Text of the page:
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Why World Hunger Won't Go Away

Two new books and a docudrama ask hard questions about how so many can still go hungry in a world of technological advancement and economic growth.

Dinner's served: Bruno Parmentier's "Zero Hunger, Ending Hunger In The World"
Dinner's served: Bruno Parmentier's "Zero Hunger, Ending Hunger In The World"
Philippe Arnaud

PARIS — José Graziano da Silva, director general of the United Nations' Food and Agriculture Organization (FAO) recently said that "hunger leads to conflict, and conflict exacerbates hunger."

Three very different new books examine the global agriculture situation, the reality of agribusiness, and the pressing need for new regulations of what can be called the "global food system."

Though the situation is slightly less critical than in 2008, a year that saw food prices soar, hunger still affects 850 million people around the world. Bruno Parmentier, author of Zero Hunger, Ending Hunger In The World, connects that number with another one, the 1.46 billion people who are overweight.

To this expert on agricultural affairs, hunger is neither a technical nor an economic problem, in the strict sense of the term. "Hunger is first of all political," he writes. "It has always been the consequence of ignorance, war and the absence of state, of conflicts to gain control of natural resources. And now it's also a by-product of globalization and the absence of public control over multinational companies."

But the essential message of Zero Hunger is optimistic. Yes, it is possible to eradicate hunger in the 21st century. The Zero Hunger Challenge launched by the United Nations in 2012 at the Rio+20 summit on sustainable development is "within our reach." There are solutions. They include defending small family agriculture, developing techniques of agroecological production, targeted support, etc. Parmentier advocates an "ecologically intensive" agriculture model that is more productive, sustainable and economical.

Some countries are moving in the right direction — for example, China, Vietnam and Brazil. India, however, is stagnating and others are actually regressing, such as sub-Saharan African countries. The book also describes the overconsumption of meat as one of the most formidable challenges. Between 1980 and 2012, annual Chinese consumption of meat rose from 14 to 60 kilograms. In France, it is over 80 kilograms.

Concrete solutions

How to End Hunger in Times of Crisesisa book written by two FAO economists — Ignacio Trueba, professor emeritus at the Technical University of Madrid, and Andrew MacMillan, a specialist in in tropical agriculture. They write that mentalities must change. "We maintain that one of the main reasons why so many people are undernourished is that most people think it's difficult to end hunger," they write. "And yet, it's one of the easiest things we could do together to make the world a better place for its inhabitants."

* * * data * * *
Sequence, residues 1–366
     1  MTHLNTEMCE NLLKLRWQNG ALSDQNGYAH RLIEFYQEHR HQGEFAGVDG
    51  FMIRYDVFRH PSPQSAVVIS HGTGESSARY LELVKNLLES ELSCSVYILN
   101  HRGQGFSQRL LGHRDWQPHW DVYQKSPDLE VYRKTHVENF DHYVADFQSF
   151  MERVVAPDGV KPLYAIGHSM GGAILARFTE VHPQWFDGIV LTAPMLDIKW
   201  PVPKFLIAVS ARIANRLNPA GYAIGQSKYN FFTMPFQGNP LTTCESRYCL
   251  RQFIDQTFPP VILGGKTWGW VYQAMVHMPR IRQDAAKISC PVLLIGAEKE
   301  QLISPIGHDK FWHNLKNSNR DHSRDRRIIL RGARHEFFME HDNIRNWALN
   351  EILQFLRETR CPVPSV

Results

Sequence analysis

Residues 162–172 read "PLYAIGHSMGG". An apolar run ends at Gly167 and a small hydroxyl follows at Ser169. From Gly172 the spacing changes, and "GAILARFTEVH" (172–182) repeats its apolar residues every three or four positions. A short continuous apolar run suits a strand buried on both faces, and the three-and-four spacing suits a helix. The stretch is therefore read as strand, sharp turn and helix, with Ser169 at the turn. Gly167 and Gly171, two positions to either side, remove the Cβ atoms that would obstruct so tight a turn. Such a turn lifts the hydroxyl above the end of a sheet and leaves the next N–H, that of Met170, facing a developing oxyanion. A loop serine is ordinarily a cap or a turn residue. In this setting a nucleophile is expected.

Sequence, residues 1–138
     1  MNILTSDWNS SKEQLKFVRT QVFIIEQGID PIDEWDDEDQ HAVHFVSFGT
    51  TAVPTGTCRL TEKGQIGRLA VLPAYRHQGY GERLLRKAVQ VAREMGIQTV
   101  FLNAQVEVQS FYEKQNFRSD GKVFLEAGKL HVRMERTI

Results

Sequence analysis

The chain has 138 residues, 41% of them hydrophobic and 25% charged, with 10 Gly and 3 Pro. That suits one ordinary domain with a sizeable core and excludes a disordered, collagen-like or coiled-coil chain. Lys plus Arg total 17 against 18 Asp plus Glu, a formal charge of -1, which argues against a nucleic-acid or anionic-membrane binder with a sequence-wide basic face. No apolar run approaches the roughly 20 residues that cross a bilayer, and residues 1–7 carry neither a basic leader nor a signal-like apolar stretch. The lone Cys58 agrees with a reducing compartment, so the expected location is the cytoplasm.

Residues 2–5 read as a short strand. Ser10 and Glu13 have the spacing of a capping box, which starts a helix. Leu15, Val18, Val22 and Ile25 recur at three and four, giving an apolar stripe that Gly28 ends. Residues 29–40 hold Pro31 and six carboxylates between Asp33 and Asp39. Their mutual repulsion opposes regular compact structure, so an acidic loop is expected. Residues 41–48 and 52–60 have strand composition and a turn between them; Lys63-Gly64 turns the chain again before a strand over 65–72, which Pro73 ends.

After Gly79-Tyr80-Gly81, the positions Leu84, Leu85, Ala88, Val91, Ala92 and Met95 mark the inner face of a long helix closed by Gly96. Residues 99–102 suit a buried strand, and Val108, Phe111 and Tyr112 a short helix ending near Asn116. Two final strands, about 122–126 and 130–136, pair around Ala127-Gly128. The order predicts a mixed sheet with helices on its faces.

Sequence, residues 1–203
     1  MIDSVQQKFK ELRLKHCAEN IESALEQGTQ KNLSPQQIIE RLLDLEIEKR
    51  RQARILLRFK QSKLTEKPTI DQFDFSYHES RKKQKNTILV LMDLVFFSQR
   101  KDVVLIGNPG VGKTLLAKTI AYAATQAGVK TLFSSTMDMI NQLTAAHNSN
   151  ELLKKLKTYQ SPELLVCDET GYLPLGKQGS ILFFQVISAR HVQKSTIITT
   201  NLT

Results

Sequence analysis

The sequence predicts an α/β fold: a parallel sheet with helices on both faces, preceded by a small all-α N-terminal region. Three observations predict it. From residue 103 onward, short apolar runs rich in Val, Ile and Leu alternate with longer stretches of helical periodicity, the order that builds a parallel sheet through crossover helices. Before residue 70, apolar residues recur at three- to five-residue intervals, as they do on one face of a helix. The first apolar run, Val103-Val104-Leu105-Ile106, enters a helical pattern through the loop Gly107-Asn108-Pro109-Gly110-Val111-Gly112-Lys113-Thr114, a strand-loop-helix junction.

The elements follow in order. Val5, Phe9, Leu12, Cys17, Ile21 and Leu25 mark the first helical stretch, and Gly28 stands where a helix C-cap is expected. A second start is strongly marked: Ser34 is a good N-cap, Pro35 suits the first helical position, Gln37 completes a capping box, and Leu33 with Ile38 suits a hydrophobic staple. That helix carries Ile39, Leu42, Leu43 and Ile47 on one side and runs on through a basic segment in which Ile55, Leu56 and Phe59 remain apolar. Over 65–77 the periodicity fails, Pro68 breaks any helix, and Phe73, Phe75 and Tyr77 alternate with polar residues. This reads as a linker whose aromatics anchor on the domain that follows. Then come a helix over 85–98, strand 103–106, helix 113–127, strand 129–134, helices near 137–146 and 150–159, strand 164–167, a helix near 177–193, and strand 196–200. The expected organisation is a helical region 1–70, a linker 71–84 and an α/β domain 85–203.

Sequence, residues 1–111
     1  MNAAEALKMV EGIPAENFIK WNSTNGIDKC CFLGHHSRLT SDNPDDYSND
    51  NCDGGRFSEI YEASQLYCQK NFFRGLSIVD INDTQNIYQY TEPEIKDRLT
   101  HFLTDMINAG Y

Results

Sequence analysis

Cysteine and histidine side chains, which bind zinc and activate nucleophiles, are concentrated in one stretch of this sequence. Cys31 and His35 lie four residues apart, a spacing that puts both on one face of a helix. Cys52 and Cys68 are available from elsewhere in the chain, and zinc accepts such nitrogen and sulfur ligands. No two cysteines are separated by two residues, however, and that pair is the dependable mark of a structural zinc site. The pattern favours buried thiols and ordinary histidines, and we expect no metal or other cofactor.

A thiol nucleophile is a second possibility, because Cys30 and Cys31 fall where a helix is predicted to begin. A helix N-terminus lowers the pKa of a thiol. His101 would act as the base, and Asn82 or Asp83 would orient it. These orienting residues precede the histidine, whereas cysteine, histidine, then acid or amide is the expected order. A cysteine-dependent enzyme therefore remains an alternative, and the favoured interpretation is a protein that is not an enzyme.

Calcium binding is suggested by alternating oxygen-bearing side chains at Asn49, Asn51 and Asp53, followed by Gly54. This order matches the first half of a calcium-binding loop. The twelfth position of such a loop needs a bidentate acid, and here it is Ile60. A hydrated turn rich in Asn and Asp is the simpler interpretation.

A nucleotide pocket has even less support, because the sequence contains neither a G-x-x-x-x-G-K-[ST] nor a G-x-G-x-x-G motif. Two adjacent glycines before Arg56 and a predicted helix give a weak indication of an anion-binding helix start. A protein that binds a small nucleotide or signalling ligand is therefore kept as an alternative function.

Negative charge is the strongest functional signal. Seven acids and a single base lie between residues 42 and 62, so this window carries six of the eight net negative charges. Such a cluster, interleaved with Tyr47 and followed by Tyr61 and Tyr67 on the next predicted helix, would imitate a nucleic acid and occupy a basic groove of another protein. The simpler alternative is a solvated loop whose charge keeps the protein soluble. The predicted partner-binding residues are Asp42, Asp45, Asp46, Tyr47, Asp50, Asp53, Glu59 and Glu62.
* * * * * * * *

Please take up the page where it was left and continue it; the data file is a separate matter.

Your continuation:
This slim, accessible volume offers several concrete solutions. Some go against the tide of the status quo. They include a tax on overconsumption to reduce waste, especially on products with a large ecological footprint, favoring rising prices to improve farmers' revenues and therefore investments, or developing education approaches that will translate to lasting changes in how we live and eat.

The book also contains precise figures. For example, one billion global inhabitants lack about 250 calories per day, which represents less than 2% of the world's food production. Meanwhile in Europe, each person throws away an average of about 100 kilos of food every year.

The two economists believe the important thing is to reduce the future growth of overconsumption. They underline a point that we too often forget: Our intensive agricultural system depends too much on the use of fossil fuels, making it unviable in the long term.

Finally, after the "docudrama" format used on History television networks and Bernard-Henri Lévy's 2003 "investigative novel" Who Killed Daniel Pearl?, comes a published economic documentary theater play. In Seeds, Annabel Soutar, a Canadian playwright, tells the famous story of the lawsuit filed by Monsanto against a farmer in Saskatchewan, in western Canada. In 1998, the company sued Percy Schmeiser for violating its patent on genetically modified canola seeds, the Roundup Ready Canola. The trial lasted six years, and the verdict went nobody's way. The court ruled in favor of Monsanto, but Percy Schmeiser didn't pay any damages. In the meantime, "the man who stood up to Monsanto" became a global figure.

According to the author, much of the play's dialogue come from transcripts of court proceedings but also interviews and excerpts from newspaper articles. It's a difficult topic to tackle, touching on the ethics of science but also on multinational companies' thirst for profit. The point of view is not Manichaean. The play is not a new version of David vs. Goliath. It was created in Montreal and got very good reviews, but only time will tell whether economic docudramas are here to stay.

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